Microsoft Office Tutorials and References
In Depth Information
When you use For-Next loops, you should understand that the loop counter is a normal
variable — it is not a special type of variable. As a result, you can change the value of
the loop counter within the block of code executed between the For and Next state-
ments. this is, however, a very bad practice and can cause problems. In fact, you
should take special precautions to ensure that your code does not change the loop
counter.
You also can use a Step value to skip some values in the loop. Here's the same function rewritten to sum every
other integer between the first and last arguments:
Function SUMINTEGERS2(first, last)
total = 0
For num = first To last Step 2
total = total + num
Next num
SUMINTEGERS2 = Total
End Function
The following formula returns 25 , which is the sum of 1, 3, 5, 7, and 9:
=SUMINTEGERS2(1,10)
For-Next loops can also include one or more Exit For statements within the loop. When this statement is en-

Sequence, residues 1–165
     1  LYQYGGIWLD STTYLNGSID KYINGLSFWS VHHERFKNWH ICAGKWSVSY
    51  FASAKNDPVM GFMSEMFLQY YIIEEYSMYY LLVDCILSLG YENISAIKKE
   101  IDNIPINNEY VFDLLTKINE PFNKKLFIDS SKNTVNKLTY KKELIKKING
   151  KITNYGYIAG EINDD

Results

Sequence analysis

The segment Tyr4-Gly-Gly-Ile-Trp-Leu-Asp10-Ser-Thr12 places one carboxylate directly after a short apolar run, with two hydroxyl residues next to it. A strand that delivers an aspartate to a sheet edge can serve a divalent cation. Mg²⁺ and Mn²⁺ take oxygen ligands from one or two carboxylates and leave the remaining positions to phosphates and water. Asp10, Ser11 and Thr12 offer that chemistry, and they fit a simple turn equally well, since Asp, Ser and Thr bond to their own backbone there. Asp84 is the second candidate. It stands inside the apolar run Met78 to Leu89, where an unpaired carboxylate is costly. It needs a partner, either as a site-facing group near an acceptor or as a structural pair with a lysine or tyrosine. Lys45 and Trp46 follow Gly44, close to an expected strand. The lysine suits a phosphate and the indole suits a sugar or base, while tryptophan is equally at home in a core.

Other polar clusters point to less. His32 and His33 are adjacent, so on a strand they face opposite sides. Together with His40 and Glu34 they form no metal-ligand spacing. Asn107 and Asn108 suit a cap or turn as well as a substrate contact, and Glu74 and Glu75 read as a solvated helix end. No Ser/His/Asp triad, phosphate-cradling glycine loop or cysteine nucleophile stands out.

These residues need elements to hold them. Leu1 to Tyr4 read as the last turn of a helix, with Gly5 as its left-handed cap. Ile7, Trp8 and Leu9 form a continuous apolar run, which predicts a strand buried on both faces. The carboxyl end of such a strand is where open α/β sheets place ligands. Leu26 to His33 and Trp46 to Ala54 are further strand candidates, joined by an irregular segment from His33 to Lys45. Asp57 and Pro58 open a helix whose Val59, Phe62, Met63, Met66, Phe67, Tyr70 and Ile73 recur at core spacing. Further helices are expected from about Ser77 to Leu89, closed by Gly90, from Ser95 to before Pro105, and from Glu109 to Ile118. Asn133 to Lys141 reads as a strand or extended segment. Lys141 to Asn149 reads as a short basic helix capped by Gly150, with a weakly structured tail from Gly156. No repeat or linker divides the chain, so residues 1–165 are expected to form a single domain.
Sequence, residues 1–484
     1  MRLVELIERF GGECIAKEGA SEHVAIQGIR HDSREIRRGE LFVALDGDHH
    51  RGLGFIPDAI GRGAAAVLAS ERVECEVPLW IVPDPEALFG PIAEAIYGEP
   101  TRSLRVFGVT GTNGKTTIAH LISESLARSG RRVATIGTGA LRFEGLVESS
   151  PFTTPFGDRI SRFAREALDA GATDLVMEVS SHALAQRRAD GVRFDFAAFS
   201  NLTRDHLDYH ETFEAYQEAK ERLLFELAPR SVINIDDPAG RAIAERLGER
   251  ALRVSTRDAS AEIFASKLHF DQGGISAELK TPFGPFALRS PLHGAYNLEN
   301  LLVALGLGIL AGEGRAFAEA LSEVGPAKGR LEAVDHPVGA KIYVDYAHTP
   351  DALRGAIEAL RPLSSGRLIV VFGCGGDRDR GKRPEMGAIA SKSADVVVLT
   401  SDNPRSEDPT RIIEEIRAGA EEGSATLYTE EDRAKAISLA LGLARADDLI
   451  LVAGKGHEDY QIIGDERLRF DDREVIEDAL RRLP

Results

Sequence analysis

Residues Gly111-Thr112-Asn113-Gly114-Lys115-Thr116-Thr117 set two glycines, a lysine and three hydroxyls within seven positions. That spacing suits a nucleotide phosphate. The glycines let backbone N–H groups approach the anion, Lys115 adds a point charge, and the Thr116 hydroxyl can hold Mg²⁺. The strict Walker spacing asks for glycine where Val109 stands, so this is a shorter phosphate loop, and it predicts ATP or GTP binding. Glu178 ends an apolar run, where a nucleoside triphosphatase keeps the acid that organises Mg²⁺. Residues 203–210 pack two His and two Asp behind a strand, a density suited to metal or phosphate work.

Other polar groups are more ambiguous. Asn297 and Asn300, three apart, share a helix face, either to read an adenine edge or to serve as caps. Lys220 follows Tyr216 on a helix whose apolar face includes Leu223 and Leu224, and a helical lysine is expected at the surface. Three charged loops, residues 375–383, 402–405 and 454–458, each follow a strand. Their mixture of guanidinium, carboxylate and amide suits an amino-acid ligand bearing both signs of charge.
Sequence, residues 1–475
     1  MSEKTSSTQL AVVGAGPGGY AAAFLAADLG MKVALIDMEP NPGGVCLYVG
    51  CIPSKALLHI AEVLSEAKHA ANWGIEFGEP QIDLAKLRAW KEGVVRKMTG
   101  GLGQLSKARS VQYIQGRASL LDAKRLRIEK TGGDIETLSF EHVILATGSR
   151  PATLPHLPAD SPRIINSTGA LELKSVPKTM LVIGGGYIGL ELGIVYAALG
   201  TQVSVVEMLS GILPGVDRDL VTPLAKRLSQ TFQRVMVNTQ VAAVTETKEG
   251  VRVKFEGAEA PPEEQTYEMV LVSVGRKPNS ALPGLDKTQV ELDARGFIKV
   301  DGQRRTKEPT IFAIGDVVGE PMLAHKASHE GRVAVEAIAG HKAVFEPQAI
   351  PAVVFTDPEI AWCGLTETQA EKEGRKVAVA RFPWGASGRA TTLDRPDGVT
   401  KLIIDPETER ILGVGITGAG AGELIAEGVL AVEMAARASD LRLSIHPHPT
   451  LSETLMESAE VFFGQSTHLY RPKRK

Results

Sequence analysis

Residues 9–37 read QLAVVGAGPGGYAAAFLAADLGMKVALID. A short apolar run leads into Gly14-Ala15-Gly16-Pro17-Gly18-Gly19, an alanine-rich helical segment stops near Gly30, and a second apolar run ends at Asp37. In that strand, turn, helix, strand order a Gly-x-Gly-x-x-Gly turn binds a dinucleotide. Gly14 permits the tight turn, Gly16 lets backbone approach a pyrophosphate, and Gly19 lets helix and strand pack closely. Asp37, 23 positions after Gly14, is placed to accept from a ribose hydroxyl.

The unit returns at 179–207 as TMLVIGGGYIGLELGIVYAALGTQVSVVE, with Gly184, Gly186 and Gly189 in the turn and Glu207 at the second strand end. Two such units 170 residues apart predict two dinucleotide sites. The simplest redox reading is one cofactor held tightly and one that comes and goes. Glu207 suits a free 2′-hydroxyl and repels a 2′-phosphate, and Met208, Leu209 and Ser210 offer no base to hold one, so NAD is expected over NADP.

countered, the loop terminates immediately, as the following example demonstrates:
Function ROWOFLARGEST(c)
NumRows = Rows.Count
MaxVal = WorksheetFunction.Max(Columns(c))
For r = 1 To NumRows
If Cells(r, c) = MaxVal Then
ROWOFLARGEST = r
Exit For
End If
Next r
End Function
The ROWOFLARGEST function accepts a column number (1–16,384) for its argument and returns the row
number of the largest value in that column. It starts by getting a count of the number of rows in the worksheet.
(This varies, depending on the version of Excel.) This number is assigned to the NumRows variable. The max-
imum value in the column is calculated by using the Excel MAX function, and this value is assigned to the
MaxVal variable.
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